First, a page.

A combination of years of extremely low interest rates and the federal government's pandemic-driven economic stimulus have helped heat the U.S. residential real estate market to a rolling boil.

It's estimated that the U.S. is more than five million homes short of meeting the demand of would-be home buyers, meaning many hopefuls are being priced out of the market.

Lucky for both buyers and sellers, real estate tech companies have in recent years made buying a house cheaper and more convenient. Zillow Group (NASDAQ:ZG)(NASDAQ:Z) now purchases homes directly from sellers, sparing them from an otherwise costly and time-consuming sales process. It has also developed tools to help people sell homes with or without traditional agents.

Digital real estate giant Redfin (NASDAQ:RDFN) recently boasted that it has saved consumers $1 billion in transaction fees to date. It has achieved this by building scale, hiring an army of in-house agents, and charging listing fees of just 1% to 1.5%, compared to the industry standard of 2.5% to 3%.

The case for Zillow Group

Zillow has succeeded in digitizing almost every aspect of the residential real estate market. It has nine core brands under its umbrella, each covering a different piece of the complex industry.

A family outside their new home speaking to their broker.

Image Source: Getty Images

Direct buying is the largest contributor to the top line, making up about 59% of total revenue. When a homeowner is looking for a quick transaction without the hassle of a traditional sale -- which can often take months -- they can simply sell their house directly to Zillow. It's as easy as entering their address on the website and waiting one to three days for an offer. If the seller likes the price the company offers, Zillow makes an all-cash payment once the deal closes.

Zillow sold 2,086 houses worth a total of $772 million in the second quarter, and it bought 3,085 more. It paid an average of $348,766 per home (after costs) and generated $19,636 in average profit upon sale. 

For sellers who prefer to go the traditional route, Zillow can connect them with a local real estate agent or help them sell their home online without one, meaning the seller would host their own open houses and save on commissions.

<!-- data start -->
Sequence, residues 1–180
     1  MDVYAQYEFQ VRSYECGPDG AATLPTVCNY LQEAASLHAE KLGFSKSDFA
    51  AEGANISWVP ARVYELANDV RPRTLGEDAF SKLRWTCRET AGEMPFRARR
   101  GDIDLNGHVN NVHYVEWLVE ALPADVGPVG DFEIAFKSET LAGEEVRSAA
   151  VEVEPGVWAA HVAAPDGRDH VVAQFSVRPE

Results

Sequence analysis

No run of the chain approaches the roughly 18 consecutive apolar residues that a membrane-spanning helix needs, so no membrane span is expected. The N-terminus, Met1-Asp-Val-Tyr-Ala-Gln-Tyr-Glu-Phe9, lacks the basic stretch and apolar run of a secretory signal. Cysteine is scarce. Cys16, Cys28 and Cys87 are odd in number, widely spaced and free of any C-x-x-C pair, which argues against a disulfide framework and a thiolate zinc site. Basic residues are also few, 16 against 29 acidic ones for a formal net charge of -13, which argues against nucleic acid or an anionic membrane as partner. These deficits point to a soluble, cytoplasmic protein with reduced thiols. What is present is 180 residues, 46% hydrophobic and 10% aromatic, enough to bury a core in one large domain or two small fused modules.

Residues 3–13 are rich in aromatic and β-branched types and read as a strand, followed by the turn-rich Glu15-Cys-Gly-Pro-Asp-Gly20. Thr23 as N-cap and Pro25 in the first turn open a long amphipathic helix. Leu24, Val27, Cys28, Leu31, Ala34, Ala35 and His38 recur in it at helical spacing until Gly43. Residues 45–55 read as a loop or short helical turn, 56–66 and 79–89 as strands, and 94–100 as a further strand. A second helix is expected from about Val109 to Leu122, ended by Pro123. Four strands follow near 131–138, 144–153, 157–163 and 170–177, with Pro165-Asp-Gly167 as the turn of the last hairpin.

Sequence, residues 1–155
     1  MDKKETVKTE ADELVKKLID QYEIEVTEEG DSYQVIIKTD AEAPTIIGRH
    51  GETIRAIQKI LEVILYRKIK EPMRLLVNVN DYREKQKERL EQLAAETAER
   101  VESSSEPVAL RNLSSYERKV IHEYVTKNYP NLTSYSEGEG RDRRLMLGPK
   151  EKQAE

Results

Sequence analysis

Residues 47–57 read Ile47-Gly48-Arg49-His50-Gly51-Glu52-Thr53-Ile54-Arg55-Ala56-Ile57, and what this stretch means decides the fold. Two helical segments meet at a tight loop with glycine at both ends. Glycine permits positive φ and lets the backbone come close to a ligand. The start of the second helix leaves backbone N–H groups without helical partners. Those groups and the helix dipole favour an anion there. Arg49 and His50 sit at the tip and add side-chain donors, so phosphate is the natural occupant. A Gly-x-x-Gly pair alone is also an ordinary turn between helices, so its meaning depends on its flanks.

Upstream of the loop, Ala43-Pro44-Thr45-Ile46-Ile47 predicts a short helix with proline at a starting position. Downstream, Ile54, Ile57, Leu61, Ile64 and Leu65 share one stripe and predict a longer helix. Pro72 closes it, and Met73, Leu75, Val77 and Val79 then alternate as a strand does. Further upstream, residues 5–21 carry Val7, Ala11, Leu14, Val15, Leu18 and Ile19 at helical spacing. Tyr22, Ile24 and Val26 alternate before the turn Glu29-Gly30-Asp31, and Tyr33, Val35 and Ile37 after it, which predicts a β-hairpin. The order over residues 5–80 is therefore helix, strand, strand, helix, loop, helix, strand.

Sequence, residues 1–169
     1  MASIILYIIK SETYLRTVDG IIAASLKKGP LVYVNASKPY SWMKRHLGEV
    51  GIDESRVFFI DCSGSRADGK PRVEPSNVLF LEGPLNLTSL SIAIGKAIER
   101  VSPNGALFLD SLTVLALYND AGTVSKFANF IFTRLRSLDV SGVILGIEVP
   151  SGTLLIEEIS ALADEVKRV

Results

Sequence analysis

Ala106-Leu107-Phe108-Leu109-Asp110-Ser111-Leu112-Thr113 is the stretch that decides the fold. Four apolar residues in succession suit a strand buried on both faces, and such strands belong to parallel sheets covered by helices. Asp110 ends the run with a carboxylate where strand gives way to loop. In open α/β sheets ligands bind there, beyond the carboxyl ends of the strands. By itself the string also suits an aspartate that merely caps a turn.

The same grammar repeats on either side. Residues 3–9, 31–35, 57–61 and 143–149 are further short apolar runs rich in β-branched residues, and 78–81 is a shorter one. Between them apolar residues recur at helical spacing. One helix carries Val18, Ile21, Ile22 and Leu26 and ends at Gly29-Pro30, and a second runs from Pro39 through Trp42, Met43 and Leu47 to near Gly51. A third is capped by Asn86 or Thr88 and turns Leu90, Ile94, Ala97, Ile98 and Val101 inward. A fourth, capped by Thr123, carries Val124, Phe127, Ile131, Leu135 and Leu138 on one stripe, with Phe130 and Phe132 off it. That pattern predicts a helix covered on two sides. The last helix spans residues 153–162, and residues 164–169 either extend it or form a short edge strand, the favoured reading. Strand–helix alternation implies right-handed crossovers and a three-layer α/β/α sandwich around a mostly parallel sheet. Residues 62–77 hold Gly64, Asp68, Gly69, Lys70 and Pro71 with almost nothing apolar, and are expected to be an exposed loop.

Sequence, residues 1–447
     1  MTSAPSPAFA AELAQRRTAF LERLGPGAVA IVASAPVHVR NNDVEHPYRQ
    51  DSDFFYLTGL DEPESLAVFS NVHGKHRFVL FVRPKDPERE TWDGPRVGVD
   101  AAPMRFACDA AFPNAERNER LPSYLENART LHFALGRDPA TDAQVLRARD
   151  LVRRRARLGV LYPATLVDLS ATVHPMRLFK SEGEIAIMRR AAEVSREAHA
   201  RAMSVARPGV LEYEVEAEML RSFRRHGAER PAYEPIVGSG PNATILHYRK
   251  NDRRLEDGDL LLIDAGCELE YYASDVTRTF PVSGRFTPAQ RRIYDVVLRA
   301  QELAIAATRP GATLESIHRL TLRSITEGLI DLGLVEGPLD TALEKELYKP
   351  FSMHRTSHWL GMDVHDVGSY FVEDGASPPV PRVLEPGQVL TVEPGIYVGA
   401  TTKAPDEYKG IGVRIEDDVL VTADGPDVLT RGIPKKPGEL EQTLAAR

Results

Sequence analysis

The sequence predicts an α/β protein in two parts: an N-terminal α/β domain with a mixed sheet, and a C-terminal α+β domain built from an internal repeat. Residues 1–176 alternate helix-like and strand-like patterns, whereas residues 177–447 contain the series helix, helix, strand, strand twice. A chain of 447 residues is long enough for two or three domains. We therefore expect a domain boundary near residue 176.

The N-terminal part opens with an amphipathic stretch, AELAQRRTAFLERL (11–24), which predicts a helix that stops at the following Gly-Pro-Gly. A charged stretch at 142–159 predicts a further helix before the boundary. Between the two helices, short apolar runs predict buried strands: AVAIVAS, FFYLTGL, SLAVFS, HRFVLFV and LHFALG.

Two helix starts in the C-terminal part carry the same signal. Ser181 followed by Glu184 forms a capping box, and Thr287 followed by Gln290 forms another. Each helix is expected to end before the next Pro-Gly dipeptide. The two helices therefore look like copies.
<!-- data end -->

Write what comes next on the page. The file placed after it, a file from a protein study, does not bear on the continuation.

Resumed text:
Metric

Q2 2020

Q2 2021

Change

Revenue

$768.3 million

$1.3 billion

70%

Earnings per share

($0.38)

$0.04

N/A

DATA SOURCE: COMPANY FILINGS. 

While overall revenue growth was incredibly strong, there's even greater underlying strength in specific segments. Premier Agent, which provides tools to real estate agents to help them expand their networks, grew 82% year over year. It accounted for over 26% of total revenues, and highlights Zillow's truly comprehensive solution -- which even captures business from independent operators.

Smaller segments like Zillow Closing Services (which provides title and escrow services) and Zillow Home Loans also grew robustly, up 1,073% and 68% respectively. While they make up just 4.7% of total revenue, they could be important sources of growth going forward.

Zillow is expected to deliver $1.04 in earnings per share for 2021, followed by 38% growth in 2022. At those rates, this stock is an attractive long-term opportunity

The case for Redfin

Redfin offers sellers a direct-buying service like Zillow's, though it's significantly smaller in size. This company's focus is on the traditional real estate agent model, but with a twist -- enormous scale. Its goal is to run an operation large enough to allow it to sustain cheaper commissions for customers, and use that advantage to take an ever-larger share of the market.

Aerial view of a nice double story house surrounded by leafy greenery.

Image Source: Getty Images

In the second quarter, Redfin represented the sellers in 1.18% of all existing home sales by value in the U.S., and more than 48 million people use its app each month on average. The company also completed its acquisition of RentPath in April, making it one of the top online destinations for renting as well as buying.

Metric

Q2 2020

Q2 2021

Growth

Revenue

$213.6 million

$471.3 million

121%

Gross profit

$46.0 million

$126.1 million

174%

Net loss per share

($0.08)

($0.29)

N/A

DATA SOURCE: COMPANY FILINGS 

The company reports revenue in two categories -- services and products. The former covers its brokerage business, reflecting commissions from sales made by Redfin's employed real estate agents and its partner network. Revenue from that segment grew over 111% year over year during the quarter and made up 63% of the top line.

Product revenue is generated through the sale of homes that have been directly purchased by the company. It sold 292 properties in the second quarter at an average sale price of $570,930, and this segment managed to swing its gross margin -- which was negative in the prior-year period -- into positive territory, landing at 2.9%. As it sells more units and builds scale, this metric should improve further. 

Analysts expect the company to deliver a loss of $0.69 per share this year, but improvement should come in 2022 as it creeps toward breaking even. With soaring demand for residential real estate and record prices, Redfin's growing share of existing home sales should supercharge its revenue for the rest of the year, and the company might even beat expectations.

This article represents the opinion of the writer, who may disagree with the “official” recommendation position of a Motley Fool premium advisory service. We’re motley! Questioning an investing thesis -- even one of our own -- helps us all think critically about investing and make decisions that help us become smarter, happier, and richer.